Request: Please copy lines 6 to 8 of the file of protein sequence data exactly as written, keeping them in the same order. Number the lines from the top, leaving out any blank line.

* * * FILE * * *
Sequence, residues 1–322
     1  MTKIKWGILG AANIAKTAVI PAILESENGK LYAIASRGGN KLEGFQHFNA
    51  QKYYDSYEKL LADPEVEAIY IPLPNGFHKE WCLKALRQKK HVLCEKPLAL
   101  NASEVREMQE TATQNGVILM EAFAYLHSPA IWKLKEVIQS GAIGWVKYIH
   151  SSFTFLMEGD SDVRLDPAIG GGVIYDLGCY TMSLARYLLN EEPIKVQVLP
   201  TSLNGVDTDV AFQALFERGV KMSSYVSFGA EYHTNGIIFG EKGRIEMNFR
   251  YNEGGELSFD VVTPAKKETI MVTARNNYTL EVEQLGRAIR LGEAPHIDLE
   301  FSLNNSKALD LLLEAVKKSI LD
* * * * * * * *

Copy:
   201  TSLNGVDTDV AFQALFERGV KMSSYVSFGA EYHTNGIIFG EKGRIEMNFR
   251  YNEGGELSFD VVTPAKKETI MVTARNNYTL EVEQLGRAIR LGEAPHIDLE
   301  FSLNNSKALD LLLEAVKKSI LD